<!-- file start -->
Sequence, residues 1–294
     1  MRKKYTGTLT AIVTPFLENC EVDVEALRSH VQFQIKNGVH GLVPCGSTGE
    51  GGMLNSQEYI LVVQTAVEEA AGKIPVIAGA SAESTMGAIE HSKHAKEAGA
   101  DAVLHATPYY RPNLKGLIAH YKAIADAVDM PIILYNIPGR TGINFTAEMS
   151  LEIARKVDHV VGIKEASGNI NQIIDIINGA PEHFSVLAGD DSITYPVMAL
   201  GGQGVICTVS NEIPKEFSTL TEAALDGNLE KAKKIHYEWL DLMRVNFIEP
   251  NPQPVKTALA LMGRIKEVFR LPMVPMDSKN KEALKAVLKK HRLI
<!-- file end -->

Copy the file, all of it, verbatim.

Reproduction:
Sequence, residues 1–294
     1  MRKKYTGTLT AIVTPFLENC EVDVEALRSH VQFQIKNGVH GLVPCGSTGE
    51  GGMLNSQEYI LVVQTAVEEA AGKIPVIAGA SAESTMGAIE HSKHAKEAGA
   101  DAVLHATPYY RPNLKGLIAH YKAIADAVDM PIILYNIPGR TGINFTAEMS
   151  LEIARKVDHV VGIKEASGNI NQIIDIINGA PEHFSVLAGD DSITYPVMAL
   201  GGQGVICTVS NEIPKEFSTL TEAALDGNLE KAKKIHYEWL DLMRVNFIEP
   251  NPQPVKTALA LMGRIKEVFR LPMVPMDSKN KEALKAVLKK HRLI